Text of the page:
Are you combining your spouse’s children with yours this Thanksgiving? His/Her, mine and ours is not always a recipe for blissful success.
Instead, there is a good chance that underlying emotional currents will make this Thanksgiving meal memorable for all the wrong reasons. Celebrating a grace-filled Thanksgiving takes a lot of effort on your part — but it is well worth it.
Recognize That You Are the Norm
The University of Houston reveals sobering and enlightening step-parenting statistics. Figures show that 50 percent of youngsters are currently raised in blended families. This dynamic is quickly eclipsing all other types of family setups. A somewhat surprising statistic points out that over 50% of second/third marriages that end in divorce are caused by the children. It is clear that children have a lot of influence on family dynamics. Holidays — including Thanksgiving — are prime time for stress and strife.
Recognize Why Kids Can’t “Just” Fit In
There are feelings of betrayed loyalty and the fear of betraying a biological parent’s allegiance. There are new family members to get to know and adapt to. Competition between half siblings is common. Thanksgiving traditions vary. Holiday customs are different and beloved tasks may go by the wayside in a new family.
Recognize That Taking Vows United You and Your Spouse, Not You and the Children
You new wife may have promised to love, honor and obey; your new husband may have sworn to cleave unto you until death do us part, but your step children have taken no such vows. They are simply along for the ride. Do not expect them to live up to your vows — after all, they were left holding the bag the first time around. If your spouse is a serial-marriage partner, there is even less of a chance that the children might willingly give their hearts.
So What’s the Step Parent To Do At Thanksgiving?
Practice applied Christianity. Treat the stepchildren the way you want to be treated. If you want respect, treat the children — regardless of age — with respect. Christ’s Golden Rule is clear: Model the desired behavior. Of course, note that Jesus did not specify an amount of time for another person to reciprocate; in fact, he left the reciprocation blank. Instead, Christ intended for you to be exemplary — no matter what.
Be comfortable in your role. You will never be a new mom or dad. The kids already have one. Do not demand to be called mom or dad; do not refer to the bio-parent as real mom or other mom. A step parent has a different rank in the familial hierarchy than a parent; do not try to aspire to a seat of honor that is not yours to occupy. Instead, flesh out your role of step parent as a positive influence on — and provider of care to — the children.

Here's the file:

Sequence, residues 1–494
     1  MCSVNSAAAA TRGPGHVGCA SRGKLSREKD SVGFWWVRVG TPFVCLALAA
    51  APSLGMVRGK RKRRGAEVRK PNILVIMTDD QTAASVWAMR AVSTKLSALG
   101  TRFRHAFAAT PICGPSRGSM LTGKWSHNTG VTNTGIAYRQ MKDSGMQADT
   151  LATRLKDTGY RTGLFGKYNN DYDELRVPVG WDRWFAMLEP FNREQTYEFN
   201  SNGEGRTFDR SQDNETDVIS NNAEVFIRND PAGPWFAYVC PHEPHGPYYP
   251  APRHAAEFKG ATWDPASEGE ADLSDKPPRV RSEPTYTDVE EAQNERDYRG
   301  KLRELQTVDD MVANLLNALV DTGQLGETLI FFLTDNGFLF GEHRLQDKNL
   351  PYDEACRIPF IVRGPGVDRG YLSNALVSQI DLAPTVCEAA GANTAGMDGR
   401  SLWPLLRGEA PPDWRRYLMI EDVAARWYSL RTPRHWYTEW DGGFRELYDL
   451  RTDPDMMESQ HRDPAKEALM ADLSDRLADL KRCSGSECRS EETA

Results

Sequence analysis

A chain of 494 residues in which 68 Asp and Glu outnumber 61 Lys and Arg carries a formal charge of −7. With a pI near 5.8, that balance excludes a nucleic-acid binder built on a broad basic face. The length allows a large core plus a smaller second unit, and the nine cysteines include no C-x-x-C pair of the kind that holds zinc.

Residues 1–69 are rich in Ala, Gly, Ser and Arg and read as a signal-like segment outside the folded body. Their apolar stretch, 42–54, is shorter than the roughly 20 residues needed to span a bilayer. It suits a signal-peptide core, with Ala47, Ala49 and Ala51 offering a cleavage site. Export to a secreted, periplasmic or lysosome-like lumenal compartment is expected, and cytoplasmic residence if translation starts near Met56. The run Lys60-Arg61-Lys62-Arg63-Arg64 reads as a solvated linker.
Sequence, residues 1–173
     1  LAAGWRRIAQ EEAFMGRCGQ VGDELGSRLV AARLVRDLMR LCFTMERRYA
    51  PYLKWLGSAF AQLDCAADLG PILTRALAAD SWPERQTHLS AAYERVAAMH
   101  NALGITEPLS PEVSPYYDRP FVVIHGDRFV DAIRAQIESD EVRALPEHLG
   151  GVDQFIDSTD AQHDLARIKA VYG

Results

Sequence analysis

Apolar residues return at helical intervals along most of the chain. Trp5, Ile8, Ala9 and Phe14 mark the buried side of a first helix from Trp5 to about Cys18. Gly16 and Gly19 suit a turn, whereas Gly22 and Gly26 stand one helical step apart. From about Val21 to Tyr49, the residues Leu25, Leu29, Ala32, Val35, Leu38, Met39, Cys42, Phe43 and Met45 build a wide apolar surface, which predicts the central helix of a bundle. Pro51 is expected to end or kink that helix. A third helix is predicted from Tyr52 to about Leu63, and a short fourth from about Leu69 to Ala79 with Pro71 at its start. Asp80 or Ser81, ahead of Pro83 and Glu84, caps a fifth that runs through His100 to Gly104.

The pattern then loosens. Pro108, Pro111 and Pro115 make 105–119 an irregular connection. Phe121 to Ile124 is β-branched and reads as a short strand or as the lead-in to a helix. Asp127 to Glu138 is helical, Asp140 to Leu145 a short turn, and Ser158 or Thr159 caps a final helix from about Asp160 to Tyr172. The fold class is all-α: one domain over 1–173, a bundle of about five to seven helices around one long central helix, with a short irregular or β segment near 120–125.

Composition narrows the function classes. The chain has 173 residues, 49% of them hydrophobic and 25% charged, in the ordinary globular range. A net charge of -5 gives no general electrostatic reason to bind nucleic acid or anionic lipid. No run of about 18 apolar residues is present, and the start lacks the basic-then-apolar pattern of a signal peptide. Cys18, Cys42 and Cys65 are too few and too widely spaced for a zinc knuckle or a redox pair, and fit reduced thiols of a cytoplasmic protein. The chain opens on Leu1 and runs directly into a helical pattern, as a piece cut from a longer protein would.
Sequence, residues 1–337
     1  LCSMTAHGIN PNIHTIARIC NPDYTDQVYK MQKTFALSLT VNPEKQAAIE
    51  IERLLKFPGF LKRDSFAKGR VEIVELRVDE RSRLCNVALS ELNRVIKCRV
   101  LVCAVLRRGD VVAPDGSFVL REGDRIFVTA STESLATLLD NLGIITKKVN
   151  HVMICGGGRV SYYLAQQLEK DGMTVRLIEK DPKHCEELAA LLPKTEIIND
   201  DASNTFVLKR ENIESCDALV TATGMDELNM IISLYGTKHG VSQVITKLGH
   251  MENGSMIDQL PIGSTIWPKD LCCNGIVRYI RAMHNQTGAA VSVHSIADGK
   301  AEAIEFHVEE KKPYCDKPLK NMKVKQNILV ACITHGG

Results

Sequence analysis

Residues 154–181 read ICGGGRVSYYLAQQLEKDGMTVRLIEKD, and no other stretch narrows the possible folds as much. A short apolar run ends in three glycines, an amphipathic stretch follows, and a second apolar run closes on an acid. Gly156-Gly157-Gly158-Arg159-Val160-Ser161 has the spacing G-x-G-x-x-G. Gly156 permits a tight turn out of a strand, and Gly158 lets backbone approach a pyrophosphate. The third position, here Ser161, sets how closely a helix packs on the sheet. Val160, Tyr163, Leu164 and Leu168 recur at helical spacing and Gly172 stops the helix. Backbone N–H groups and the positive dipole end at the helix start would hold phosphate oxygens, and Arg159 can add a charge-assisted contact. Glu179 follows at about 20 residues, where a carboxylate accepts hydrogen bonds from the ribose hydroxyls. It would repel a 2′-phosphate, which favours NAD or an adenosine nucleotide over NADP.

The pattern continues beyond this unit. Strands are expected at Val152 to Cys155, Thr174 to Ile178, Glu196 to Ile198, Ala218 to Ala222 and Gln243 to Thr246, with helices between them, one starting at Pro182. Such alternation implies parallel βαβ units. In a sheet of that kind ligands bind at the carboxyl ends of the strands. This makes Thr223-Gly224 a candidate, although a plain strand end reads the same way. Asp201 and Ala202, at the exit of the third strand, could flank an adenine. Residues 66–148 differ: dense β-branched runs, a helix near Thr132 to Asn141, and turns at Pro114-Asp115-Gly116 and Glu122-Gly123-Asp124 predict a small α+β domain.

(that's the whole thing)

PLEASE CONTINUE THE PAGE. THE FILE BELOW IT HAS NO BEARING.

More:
Become unified with your spouse. Present the kids with a united front when it comes to acceptable and unacceptable behaviors, consequences and expectations.
Start new traditions. Do not try to compete with the bio-parent at Thanksgiving. Whether you are in a custodial or non-custodial position, remember that the old traditions mean a lot to the kids. Start your own, so as to differentiate your home from the other parent’s residence. There is no need to one-up the mom or dad.
Respect the other parent. Go out of your way to defer to the other parent. Children will feel more comfortable with you, if they realize that liking you will not in any way jeopardize their loyalty to their mom or dad.
Do not expect Rockwell. You knew ahead of time that you were entering into a blended family situation. Do not (now) bemoan the unfairness of having to hold up your plans and dreams to accommodate a court-ordered visitation schedule. Do not rebel when the children fail to sit at the table with bright eyes that gaze adoringly at you as you present the turkey. This is rarely the case for nuclear families and is made more difficult for blended families, where intense likes and dislikes create an emotional undertow.
With God’s grace, it is possible to make it through the holiday season in general and Thanksgiving in particular. Just remember: God’s grace was meant to be shared and freely given away — not demanded for oneself and then hidden from prying eyes.
Written By Sylvia Cochran